Around 467,000 Freedom of Information (FOI) requests are now made to local councils every year — almost double a previous estimate by UCL’s Constitution Unit in 2010, research by mySociety has found.
The total is ten times the number of FOI requests sent to central government.
In addition to establishing the number of FOI requests made to councils, the key conclusions in the report, Freedom of Information in Local Government by Alex Parsons and Dr. Rebecca Rumbul, are:
- Councils have relatively universal records on the number of requests received, and time taken to reply - but have fewer records on the volume of information disclosed, or on the status of appeals.
- Approximately 35%-50% of internal reviews in local government result in a change to the original outcome.
- Staff responsible for the administration of FOI in local government tend to hold FOI as one responsibility among several.
- FOI teams tend to be embedded in larger teams with few staff solely working on FOI. As such, FOI administration rarely appears as a specific budget item. Staffing levels devoted to FOI appear to increase in correlation with an increase in the volume of FOI Requests received.
- Most councils (66%) use some form of case management system, however there is no standard or universally adopted software for FOI case management, and the quality and operability of these systems varies significantly between local authorities.
- Most councils (64%) do not publish a disclosure log. Councils that receive higher numbers of FOI requests are more likely to publish a log, but accounting for other drivers of reports, there is no positive or negative effect of publishing a log.
- Replicating this exercise every year would be "prohibitively difficult", however a centralised repository of the statistics disclosures required by the new code of practice would make tracking change over time (over a sector or individual authority) more straightforward and unlock more value from those disclosures.
Dr Ben Worthy of Birkbeck College said: “This report gives us a first comprehensive picture of what’s happening with FOI at the local level. It shows that request numbers have indeed continued to grow and that local authority staff face a series of obstacles in dealing with requests.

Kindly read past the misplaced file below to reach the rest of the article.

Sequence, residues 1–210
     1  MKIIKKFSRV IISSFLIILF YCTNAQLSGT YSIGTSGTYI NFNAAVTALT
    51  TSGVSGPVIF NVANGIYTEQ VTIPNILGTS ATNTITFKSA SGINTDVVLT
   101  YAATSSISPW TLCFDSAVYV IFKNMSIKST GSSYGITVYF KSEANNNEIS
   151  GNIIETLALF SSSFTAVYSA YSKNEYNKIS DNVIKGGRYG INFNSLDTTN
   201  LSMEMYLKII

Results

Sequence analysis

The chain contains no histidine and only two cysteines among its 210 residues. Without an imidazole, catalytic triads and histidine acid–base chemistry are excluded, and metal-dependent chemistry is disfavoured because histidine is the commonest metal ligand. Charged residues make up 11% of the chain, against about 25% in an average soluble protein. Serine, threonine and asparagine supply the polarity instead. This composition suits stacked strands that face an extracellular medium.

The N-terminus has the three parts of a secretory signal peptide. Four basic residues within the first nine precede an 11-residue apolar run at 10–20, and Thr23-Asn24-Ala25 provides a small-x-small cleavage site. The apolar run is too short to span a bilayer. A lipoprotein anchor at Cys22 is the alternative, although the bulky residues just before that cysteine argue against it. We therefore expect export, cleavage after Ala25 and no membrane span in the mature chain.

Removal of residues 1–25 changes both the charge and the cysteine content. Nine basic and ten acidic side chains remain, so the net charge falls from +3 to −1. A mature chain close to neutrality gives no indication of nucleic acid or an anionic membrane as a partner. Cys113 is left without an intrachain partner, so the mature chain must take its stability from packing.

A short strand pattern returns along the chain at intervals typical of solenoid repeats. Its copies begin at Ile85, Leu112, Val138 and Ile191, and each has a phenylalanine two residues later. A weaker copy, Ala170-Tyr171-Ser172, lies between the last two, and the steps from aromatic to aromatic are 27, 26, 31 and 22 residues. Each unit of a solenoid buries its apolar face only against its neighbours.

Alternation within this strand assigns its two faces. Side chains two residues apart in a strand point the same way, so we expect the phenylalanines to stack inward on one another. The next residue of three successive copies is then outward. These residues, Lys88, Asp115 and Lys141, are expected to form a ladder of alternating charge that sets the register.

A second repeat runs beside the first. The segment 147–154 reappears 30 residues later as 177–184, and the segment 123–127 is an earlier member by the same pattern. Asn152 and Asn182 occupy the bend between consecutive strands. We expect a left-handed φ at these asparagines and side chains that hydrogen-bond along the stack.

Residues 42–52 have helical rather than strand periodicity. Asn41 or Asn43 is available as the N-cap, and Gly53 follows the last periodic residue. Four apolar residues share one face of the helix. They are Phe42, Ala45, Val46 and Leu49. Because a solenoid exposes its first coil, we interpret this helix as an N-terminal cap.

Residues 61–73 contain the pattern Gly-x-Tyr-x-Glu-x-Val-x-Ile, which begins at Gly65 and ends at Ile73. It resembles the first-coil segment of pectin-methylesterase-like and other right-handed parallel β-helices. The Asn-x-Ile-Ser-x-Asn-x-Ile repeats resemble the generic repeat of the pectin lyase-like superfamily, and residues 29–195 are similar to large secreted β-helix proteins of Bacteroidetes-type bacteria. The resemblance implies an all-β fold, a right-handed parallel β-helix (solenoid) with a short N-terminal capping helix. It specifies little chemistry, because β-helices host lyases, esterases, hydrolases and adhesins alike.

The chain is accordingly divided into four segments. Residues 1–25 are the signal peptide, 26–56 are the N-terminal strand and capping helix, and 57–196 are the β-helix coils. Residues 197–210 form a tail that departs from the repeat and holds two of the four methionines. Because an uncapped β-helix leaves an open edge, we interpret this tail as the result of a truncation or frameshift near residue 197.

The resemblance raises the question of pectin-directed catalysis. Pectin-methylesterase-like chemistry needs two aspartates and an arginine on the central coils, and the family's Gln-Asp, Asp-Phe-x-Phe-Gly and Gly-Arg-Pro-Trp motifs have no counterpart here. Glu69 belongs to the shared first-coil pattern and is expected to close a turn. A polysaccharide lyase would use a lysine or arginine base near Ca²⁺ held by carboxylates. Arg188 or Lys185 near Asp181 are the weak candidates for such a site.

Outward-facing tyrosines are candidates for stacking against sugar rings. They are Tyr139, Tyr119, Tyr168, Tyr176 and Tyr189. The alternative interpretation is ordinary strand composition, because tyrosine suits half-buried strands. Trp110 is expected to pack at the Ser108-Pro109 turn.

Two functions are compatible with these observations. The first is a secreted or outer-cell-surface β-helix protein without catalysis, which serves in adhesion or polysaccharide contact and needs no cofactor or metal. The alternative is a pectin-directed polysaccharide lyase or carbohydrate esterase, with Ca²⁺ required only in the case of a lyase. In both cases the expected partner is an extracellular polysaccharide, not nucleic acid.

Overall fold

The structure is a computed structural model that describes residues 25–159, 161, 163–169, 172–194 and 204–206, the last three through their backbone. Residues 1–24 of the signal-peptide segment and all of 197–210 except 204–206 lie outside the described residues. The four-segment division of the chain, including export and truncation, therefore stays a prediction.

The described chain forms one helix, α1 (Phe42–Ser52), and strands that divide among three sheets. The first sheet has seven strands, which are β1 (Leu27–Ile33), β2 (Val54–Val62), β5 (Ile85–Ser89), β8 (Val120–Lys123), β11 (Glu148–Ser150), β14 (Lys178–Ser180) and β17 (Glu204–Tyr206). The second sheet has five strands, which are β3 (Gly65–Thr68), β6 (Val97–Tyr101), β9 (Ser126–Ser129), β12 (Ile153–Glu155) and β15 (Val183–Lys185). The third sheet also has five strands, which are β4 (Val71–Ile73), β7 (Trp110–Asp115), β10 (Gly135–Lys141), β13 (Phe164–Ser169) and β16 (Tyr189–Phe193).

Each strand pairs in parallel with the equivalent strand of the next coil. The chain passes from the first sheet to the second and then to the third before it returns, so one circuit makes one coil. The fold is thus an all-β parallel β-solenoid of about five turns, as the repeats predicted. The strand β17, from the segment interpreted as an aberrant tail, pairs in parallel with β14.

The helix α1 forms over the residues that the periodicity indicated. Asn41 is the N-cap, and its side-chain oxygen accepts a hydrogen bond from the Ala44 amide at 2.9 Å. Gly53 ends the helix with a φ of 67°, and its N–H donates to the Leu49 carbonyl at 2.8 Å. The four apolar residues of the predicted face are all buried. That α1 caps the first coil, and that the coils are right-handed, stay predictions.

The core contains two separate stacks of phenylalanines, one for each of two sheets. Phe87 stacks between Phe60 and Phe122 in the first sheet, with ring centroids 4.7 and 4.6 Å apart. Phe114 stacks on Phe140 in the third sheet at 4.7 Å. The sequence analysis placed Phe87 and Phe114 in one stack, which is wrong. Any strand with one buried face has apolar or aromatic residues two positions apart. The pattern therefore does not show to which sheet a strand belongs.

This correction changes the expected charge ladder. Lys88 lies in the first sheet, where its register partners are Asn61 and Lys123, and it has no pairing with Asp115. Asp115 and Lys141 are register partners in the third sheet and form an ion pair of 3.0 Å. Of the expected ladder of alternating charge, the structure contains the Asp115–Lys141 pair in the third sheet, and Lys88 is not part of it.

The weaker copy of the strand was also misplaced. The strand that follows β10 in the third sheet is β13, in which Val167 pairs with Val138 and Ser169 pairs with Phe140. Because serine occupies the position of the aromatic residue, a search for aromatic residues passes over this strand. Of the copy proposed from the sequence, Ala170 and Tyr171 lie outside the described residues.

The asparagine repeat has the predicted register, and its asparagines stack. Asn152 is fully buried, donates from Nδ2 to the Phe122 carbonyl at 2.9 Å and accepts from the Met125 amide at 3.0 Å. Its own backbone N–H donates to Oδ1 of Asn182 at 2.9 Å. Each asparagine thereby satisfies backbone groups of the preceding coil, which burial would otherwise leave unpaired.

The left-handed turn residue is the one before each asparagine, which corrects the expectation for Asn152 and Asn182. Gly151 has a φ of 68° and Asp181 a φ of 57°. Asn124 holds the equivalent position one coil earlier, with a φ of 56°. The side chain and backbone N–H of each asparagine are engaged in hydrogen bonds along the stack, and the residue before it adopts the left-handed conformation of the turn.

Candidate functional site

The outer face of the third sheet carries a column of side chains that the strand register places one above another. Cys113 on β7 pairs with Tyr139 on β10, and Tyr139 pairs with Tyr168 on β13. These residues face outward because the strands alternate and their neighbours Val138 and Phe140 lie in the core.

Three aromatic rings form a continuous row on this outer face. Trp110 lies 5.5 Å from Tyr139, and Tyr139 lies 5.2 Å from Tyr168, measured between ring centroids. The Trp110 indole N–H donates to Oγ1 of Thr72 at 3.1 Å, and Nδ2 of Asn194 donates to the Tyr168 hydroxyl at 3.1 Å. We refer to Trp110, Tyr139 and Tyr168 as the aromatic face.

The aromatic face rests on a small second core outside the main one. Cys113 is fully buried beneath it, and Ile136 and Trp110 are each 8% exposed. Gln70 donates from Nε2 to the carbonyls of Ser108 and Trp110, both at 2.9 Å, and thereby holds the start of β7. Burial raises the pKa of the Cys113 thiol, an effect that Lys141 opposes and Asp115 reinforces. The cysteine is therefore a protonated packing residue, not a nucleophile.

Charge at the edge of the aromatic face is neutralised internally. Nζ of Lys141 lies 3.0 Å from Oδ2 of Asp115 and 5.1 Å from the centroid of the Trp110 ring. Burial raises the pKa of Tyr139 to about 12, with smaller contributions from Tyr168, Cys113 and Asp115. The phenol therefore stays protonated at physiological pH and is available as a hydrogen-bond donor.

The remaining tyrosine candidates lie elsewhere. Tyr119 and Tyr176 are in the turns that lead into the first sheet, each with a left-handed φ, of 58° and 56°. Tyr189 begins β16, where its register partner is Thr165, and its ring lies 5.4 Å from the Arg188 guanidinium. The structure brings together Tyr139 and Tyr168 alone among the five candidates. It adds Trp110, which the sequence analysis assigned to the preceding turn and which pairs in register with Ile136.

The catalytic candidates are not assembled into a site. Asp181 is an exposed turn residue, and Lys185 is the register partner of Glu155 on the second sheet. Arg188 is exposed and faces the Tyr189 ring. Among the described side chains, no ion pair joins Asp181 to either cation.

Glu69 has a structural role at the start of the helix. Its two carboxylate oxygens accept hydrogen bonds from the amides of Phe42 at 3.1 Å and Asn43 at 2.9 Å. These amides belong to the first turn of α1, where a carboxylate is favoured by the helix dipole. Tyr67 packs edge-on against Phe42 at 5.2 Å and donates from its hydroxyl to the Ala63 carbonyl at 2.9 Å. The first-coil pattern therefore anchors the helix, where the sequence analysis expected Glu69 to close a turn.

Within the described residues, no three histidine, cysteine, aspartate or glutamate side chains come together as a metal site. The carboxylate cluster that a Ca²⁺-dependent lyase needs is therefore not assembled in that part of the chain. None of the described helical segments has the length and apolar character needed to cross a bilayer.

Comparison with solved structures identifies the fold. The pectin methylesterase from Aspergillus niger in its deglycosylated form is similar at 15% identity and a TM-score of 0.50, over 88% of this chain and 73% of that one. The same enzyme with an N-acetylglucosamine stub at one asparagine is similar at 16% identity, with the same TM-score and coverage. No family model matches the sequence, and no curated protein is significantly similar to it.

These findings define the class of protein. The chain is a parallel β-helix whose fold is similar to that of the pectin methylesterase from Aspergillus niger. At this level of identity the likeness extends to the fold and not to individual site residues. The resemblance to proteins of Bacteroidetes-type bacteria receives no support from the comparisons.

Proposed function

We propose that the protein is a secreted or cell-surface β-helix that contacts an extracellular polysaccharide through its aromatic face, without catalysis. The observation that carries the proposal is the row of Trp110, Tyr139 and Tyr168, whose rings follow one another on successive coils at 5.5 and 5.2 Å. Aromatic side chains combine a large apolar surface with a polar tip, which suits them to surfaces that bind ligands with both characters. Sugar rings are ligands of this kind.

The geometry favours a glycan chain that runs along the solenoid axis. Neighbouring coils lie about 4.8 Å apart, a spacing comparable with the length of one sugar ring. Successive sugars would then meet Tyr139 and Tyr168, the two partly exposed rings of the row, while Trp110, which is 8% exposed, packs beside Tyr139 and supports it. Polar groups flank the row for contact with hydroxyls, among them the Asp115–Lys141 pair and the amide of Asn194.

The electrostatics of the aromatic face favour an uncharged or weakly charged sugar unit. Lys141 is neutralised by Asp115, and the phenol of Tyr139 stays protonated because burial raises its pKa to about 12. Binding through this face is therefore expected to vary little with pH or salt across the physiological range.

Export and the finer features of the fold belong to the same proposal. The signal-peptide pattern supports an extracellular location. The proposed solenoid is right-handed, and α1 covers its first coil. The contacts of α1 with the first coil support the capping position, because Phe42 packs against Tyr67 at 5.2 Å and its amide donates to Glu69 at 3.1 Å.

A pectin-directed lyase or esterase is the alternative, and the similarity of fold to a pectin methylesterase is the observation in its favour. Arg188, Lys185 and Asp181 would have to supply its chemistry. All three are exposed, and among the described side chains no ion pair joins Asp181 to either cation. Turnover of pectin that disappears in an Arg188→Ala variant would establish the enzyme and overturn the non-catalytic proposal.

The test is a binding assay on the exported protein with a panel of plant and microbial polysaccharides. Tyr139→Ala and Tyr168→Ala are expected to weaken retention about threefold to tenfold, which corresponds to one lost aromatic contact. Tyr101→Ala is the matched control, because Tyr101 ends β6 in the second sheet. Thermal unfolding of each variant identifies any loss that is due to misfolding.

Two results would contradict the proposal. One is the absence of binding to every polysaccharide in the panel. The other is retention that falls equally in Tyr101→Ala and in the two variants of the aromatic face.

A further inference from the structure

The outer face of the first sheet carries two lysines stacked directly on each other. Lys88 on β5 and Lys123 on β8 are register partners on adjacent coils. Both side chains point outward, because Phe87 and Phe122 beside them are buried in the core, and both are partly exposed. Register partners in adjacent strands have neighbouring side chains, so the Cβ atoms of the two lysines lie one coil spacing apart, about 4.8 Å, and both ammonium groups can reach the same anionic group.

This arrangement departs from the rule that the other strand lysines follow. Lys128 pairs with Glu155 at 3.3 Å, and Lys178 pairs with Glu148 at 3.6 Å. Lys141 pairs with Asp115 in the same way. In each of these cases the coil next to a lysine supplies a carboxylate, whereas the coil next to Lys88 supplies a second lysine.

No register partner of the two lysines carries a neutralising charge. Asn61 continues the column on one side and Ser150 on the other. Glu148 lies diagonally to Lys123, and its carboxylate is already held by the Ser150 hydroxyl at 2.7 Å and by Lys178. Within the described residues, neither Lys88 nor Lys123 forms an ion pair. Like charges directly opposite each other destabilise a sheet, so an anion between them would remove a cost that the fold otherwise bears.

“Above all, it underlines the importance of FOI as a tool of local democracy.”
6% of all FOI requests to local government in the UK (16.8% for central government) were made through mySociety’s WhatDoTheyKnow, a website set up in 2008 which helps the public to submit requests and publishes responses for anyone to access online. The site holds the results of over half a million FOI requests and is visited by six million users a year.
Last year mySociety worked with Hackney Council in 2018 to create software to identify potential duplicate requests before they are made, and signpost the user to where the information they seek has already been published.
This is now available to other councils as the service FOI for Councils, and mySociety is currently working with several UK authorities on prototype processes to enable the smoother handling of FOI and Subject Access requests for council staff.
Mark Cridge, mySociety’s chief executive, said: “This report demonstrates that people are increasingly active as citizens, using their rights to make more FOI requests than ever in the UK. It also highlights that the majority of requests are not publicly available or easily searchable — missing an obvious means by which to realise efficiencies.
“mySociety wants to work in collaboration with more councils to ensure that requests are made in the open, and the work done by FOI officers goes further so more people can benefit from public information being released.”